- On the offensive side of the field, I think Alex Smith comes in immediately with some leadership cred. I think we all agree that it isn’t as if the Redskins signed Brett Favre or Peyton Manning here, in terms of locker room leader and on-field general. Still, it seems most players he has suited up with have been willing to ride-or-die with him, and the longer his career goes, the more players have been outspoken about his toughness and dedication to the game. It is a great situation for the Redskins, as I have said before—which isn’t to say Alex is great, mind you. It would be hard to talk about leadership on the field on offense without saying the name of the best football player on the field—Trent Williams. I know folks have called into question his leadership ability/potential due to his off-the-field transgressions. I get it. Those takes aren’t “wrong” per se, but I also think people forget something about football that hasn’t changed since the game came into existence: the best guy on the field has a hell of a lot of say. While suspended, his voice may have been muted, but on any day #71 suits up for the Redskins, trust me when I tell you he is the unquestioned leader. Teams can do a lot worse than having tenured guys like Trent and Alex leading the way on offense. The combination of Jay, Trent and Alex means—to me—that our offense should be under solid leadership next season.
- On defense, it becomes slightly trickier, because one of the unquestioned leaders of the defense is new to the scene and the other is rumored to be possibly on the way out. DJ Swearinger grabbed the horns of leadership last season and ran. I thought he set a great example for the entire unit, and I would argue that his leadership transcended just his role on defense. For a team that has not been particularly strong on defense, it was surprising that a defensive player would be such a prominent leader of the entire locker room. Many would look at Ryan Kerrigan as a possible guy to be at the head of the table, yet he has just never shown that he is that kind of guy. That doesn’t mean Kerrigan lacks leadership ability. His example between the whistles and all year round is as good as you could ask for in a franchise player. His production has been consistent and his availability has been sky high. (His sack dance is also firmly on the NFL map of sack dances.) No, for a more vocal presence (whether it be for leadership purposes or not), one needs only look at the island that Josh Norman lives on every Sunday. His play and his demeanor (on and off the field) are certainly things that his teammates feed off of and follow. We can quibble about whether he is hurting or hindering our chances sometimes, but he tends to fall under the “Trent Williams” rule, due to Josh Norman being the best player on the field for our defense (I wonder if Jonathan Allen will surpass him in that this season). Between Swearinger, Norman, Kerrigan and Jonathan Allen (I include Allen because of his unreal skill level and position at the point of attack), the Redskins do possess the kind of leadership that would enhance our abilities to win. In the past, the leaders of the defense have lacked the elite skills these four have, which as I say above, feeds directly into a football player’s ability to lead. By no means is this an exhaustive list of where leadership can and will come from in 2018, and I invite you to increase our hopes in the success of the Redskins this season by making the case for some other players (I have left a couple obvious choices sitting right there...).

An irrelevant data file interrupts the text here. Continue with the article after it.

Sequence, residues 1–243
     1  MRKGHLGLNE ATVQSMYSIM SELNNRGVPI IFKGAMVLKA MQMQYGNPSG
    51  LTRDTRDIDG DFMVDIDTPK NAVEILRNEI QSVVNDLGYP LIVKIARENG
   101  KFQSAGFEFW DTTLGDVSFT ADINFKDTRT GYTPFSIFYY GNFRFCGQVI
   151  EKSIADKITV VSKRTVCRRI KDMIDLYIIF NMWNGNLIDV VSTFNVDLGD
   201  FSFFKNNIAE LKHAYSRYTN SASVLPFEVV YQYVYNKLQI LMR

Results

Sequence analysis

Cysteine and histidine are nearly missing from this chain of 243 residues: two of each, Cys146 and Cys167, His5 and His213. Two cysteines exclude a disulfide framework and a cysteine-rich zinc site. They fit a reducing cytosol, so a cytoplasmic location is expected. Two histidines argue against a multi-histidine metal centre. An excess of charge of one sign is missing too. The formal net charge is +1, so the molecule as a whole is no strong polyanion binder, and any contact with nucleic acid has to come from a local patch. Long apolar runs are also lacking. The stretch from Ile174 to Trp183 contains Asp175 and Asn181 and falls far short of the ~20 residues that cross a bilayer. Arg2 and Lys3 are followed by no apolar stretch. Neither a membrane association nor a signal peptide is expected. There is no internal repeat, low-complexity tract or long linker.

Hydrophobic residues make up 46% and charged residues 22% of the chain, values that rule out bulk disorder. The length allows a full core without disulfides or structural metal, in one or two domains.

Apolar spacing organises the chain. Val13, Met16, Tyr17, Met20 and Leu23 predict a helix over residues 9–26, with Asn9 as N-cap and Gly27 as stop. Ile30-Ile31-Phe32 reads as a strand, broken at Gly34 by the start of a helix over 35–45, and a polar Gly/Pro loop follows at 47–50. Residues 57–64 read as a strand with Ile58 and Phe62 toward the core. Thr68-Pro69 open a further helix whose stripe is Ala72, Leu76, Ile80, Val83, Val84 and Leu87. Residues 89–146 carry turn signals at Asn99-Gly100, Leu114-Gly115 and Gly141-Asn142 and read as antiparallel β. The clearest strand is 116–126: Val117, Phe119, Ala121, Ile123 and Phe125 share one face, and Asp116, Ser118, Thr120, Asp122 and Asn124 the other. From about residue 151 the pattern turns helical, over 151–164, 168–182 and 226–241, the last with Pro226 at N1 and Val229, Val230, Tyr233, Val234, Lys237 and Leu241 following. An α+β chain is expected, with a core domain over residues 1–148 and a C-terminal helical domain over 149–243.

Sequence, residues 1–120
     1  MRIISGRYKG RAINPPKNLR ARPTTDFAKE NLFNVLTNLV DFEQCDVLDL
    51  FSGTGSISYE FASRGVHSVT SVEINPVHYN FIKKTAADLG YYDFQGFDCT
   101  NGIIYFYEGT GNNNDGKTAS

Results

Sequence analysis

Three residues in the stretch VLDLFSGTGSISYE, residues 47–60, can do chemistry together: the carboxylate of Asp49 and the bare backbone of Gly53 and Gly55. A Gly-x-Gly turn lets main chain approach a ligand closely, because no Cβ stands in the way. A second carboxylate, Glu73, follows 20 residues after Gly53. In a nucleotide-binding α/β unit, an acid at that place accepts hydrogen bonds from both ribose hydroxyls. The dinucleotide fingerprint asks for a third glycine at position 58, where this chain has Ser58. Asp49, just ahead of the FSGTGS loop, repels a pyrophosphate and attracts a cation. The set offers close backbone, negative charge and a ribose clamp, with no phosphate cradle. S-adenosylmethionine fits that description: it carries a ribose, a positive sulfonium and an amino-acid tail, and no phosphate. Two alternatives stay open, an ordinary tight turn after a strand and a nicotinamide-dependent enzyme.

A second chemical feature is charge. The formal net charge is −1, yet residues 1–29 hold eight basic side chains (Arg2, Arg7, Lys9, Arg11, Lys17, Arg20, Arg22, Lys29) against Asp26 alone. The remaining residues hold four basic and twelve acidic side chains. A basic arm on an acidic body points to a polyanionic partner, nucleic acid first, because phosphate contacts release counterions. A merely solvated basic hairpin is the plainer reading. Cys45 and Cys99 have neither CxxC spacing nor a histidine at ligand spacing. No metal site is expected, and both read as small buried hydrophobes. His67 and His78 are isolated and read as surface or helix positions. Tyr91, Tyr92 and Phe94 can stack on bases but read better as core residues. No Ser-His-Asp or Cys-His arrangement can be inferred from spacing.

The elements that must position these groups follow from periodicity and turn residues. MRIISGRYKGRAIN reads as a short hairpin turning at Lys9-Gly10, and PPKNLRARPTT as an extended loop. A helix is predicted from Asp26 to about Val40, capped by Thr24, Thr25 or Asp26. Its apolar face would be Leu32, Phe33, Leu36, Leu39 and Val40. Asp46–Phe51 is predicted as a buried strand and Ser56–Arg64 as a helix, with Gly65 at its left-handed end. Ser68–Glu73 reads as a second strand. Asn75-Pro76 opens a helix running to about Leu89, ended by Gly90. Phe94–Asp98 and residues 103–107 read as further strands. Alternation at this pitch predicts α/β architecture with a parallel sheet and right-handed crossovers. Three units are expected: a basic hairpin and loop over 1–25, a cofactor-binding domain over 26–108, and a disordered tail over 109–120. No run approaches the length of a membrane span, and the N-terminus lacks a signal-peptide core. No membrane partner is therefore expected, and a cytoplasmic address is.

President’s Day is always a great time to reexamine the kind of leadership that exists inside the halls and locker room of the Washington Redskins.